When my passion for grillin’ first ignited, I played it pretty fast and loose with temperature, and to be fair, I had some beginner’s luck guessing my way through some easy-going cuts and vegetables, but it wasn’t to last.
If I wasn’t burning my steaks, I was undercooking chicken and pork chops — It was no way to live and no way to grill!
When I pulled my finger out and actually started studying up on approach before cooking my meals, I noticed that 90% of instructionals and recipes called for “medium heat”, which I nodded along with at first, not thinking much of it.
However, when the time came to get to work, I suddenly realized that I had no idea what medium heat translated to in terms of temperature.
So, I did a little more studying, and what I learned about heat levels completely changed the game for me, which is why I’m passing it on to you here today.
Grilling Heat Ranges
The first thing you’ll learn about in this field is heat range. There are three widely accepted thermal ranges when it comes to cooking, and they are as follows:
- High — 400–500 °F
- Medium — 300–400 °F
- Low — 200–300 °F
This gives you a very vague idea of how to grill certain types of meat and vegetables, but it doesn’t really give you any specific clues on how to attain true grilliance, and when it comes down to it, cooking is a form of science and thus requires nuance. So, let’s dig a little deeper, shall we?
Narrowing The Heat Ranges
The ranges listed above can be further broken down into even smaller thermal increments, thereby giving us a more concrete answer to our burning question.
What Is Low Heat?
If the term low heat is used in a recipe or grilling guide, it likely doesn’t mean choose anything between 200 and 300 °F and hope for the best. That 100-degree difference is going to have a huge impact on the final outcome.
What is actually meant by low heat is a very, very low heat, but not quite all the way to the very bottom of the range given earlier.
Generally speaking, “low heat” refers to temperatures between 225 and 250 °F, shrinking our 100-degree shot in the dark to a more definite 25 °F window, and you’ll use this approach for tenderizing tougher meats over long periods.
It’s also the optimal temperature range for most smokes if you’re into that kind of thing.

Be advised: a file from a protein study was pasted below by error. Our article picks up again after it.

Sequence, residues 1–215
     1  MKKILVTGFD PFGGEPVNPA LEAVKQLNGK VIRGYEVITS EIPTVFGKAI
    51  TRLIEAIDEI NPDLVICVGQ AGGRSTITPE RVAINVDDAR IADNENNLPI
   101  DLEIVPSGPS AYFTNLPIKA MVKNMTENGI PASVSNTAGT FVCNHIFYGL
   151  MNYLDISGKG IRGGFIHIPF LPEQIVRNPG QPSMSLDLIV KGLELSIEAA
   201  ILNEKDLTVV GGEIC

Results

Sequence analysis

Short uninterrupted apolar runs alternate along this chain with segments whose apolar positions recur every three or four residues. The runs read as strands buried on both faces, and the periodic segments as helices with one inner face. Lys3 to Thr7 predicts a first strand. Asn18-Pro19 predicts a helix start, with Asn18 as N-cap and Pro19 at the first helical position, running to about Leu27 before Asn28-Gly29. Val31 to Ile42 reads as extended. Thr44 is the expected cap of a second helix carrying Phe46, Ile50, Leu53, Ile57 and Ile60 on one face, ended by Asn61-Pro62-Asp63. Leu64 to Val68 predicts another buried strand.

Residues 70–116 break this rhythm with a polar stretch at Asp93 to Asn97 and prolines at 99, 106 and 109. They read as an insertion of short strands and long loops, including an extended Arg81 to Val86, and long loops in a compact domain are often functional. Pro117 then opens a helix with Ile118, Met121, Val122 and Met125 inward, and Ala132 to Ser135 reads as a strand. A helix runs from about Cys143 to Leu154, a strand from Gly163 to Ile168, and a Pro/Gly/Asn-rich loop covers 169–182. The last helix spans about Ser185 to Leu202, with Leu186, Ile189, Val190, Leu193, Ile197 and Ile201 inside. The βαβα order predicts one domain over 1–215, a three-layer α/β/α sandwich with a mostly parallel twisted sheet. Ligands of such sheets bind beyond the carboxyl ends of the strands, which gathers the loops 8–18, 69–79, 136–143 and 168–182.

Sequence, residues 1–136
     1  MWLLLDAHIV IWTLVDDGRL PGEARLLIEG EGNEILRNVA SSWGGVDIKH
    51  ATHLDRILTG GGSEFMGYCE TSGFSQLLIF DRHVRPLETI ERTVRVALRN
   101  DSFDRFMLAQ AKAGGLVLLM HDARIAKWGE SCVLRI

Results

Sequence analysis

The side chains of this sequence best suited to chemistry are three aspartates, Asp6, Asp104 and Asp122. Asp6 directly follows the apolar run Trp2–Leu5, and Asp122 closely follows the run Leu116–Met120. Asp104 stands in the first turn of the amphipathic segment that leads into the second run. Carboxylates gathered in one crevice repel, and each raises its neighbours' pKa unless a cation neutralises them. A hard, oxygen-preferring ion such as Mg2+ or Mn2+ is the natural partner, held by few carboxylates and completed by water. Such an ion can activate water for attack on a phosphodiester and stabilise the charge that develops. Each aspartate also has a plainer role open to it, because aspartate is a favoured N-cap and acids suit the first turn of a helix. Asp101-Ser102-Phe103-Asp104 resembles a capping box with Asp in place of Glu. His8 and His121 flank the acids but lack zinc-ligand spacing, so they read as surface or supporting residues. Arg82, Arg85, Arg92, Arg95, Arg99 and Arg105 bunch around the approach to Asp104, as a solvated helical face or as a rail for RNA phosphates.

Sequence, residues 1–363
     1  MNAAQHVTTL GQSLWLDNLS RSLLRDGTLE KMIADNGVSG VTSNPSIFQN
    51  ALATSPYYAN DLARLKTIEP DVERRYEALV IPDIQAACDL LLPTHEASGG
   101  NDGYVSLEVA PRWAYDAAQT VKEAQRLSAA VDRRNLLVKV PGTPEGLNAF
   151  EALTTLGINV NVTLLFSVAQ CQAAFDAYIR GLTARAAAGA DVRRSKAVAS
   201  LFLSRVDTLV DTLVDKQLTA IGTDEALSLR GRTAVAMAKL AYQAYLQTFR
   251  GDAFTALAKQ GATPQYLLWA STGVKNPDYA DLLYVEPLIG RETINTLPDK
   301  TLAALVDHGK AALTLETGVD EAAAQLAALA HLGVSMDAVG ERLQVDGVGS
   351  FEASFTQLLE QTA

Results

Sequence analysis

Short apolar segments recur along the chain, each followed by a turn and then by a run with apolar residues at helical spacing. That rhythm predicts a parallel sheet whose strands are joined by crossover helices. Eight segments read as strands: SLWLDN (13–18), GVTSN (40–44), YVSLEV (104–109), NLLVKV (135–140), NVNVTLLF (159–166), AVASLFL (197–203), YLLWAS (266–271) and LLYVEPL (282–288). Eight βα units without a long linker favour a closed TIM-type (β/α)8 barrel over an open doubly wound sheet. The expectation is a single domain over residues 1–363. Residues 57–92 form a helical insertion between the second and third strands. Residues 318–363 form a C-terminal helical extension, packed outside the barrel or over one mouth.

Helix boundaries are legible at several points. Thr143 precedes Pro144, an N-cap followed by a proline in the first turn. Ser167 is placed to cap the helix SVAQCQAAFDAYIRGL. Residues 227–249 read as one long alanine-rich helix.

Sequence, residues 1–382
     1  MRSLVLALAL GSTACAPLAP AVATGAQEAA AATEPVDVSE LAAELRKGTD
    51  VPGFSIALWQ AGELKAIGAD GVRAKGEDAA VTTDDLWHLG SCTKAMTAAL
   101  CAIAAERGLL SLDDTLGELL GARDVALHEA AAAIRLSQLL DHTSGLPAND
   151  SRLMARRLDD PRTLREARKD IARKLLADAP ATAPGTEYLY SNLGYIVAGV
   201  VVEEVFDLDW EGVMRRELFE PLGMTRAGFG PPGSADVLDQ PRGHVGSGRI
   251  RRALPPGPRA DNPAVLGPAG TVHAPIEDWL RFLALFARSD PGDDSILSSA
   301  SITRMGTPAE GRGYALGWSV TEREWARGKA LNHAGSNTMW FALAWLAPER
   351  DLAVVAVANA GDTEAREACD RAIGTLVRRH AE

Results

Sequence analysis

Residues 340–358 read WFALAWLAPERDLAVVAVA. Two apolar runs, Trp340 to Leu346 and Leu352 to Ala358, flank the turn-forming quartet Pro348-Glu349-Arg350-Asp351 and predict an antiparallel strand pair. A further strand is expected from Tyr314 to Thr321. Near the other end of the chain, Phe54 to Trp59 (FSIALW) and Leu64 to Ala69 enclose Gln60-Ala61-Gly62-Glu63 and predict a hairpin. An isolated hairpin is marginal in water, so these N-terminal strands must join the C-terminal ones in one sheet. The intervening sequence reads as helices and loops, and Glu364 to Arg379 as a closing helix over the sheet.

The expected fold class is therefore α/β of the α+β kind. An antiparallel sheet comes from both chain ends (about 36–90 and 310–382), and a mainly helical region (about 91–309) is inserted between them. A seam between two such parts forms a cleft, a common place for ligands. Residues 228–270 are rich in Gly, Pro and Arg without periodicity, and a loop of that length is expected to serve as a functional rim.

What Is Medium-Low Heat?
Medium-low heat takes you from the very limit of low heat to the very beginning of the general medium heat range — 250–300 °F. As a slightly larger range, it’s still not quite as helpful as it could be, but when in doubt, do some more research, and if you can’t find your answers elsewhere, it’s up to you to experiment and find your own answers.
As a rule of thumb, start out directly in the middle of this range and observe proceedings closely. Amend the temperature as you go in accordance with your instincts. Within this range, you’re probably not going to see any browning, so it’s best to utilize it after a solid searing session at a much higher temperature.
What Is Medium Heat?
Finally, we arrive at the question of the hour… what is medium heat? Well, the reduced version of this range is said to run between 325 and 375 °F, which, again, is a 50-degree differential, so you may need to do some more research or experimentation. After some practice, you’ll have your own medium-heat grilling process down to a fine art.
This is the range you should use when you want to even out the external and internal cook, and, as mentioned a moment ago, it’s best to start out right in the middle of this limited range, which would be 350 °F. You can then lift or lower the temperature to grill your food up to perfection.
Medium heat is the most versatile of all the temperature ranges, as it’s hot enough to brown and tenderize simultaneously, which, incidentally, makes for a ridiculously easy cooking process. I consider it “the bird-range”, as it’s perfect for grilling up chickens, turkeys, and even geese.
What Is Medium-High Heat?
Medium-high heat is anywhere between 375 and 450 °F, and it’s the perfect range for caramelizing the outside of a hamburger while still achieving a good cook throughout the meat.
Fish fillets also benefit from these lofty temperatures, as do firm vegetables. But beware, you get roughly 15 minutes to nail this approach before that nice sear becomes a burnt crust.
What Is High Heat?
Unless you’re cooking very thin cuts of meat that will cook through after a flash grilling at temperatures of 450 °F and above, you’ll only want to use high heat initially for an immediate sear before cooling things off to cook through the food.
How To Adjust Grill Heat
If you’re working with a gas grill, you’re in luck, as all you have to do is adjust the dial to the desired temperature and sizzle on! For charcoal grills, more skill and experience is required to stabilize your ideal temperature. There are two things to consider: duration and oxygen.
Charcoal burns hottest quite quickly and then starts to mellow just as fast, so if you want to take advantage of high or medium-high heat, don’t wait around. However, with some good vent work, you can control the intensity of the burn using oxygen.
Combined with a quality meat probe and grill thermometer, these techniques will give you the best chances of finding and staying within your desired grilling range.
So there you have it — In a very general sense, medium heat is any temperature between 300 and 400 °F, but when it comes to grilling, you should aim for something more precise, between 325 and 375 °F.
If you’re ever unsure how to grill a certain joint, piece of fish, or vegetable, medium heat is a safe option that almost always results in a super tasty final product!